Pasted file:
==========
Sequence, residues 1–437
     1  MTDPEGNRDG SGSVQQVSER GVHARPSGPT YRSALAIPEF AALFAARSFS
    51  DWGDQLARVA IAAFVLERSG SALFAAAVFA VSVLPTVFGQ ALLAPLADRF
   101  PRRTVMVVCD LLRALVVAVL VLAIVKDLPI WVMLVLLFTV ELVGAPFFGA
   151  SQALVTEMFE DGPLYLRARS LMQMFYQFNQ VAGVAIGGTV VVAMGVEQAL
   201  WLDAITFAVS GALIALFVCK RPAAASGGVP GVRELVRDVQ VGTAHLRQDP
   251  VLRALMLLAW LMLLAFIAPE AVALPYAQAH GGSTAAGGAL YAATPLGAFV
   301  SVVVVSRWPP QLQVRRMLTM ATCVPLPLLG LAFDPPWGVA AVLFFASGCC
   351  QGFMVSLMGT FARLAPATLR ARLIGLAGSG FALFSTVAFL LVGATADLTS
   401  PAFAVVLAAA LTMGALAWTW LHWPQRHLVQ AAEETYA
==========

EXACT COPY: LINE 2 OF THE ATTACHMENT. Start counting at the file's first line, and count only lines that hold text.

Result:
     1  MTDPEGNRDG SGSVQQVSER GVHARPSGPT YRSALAIPEF AALFAARSFS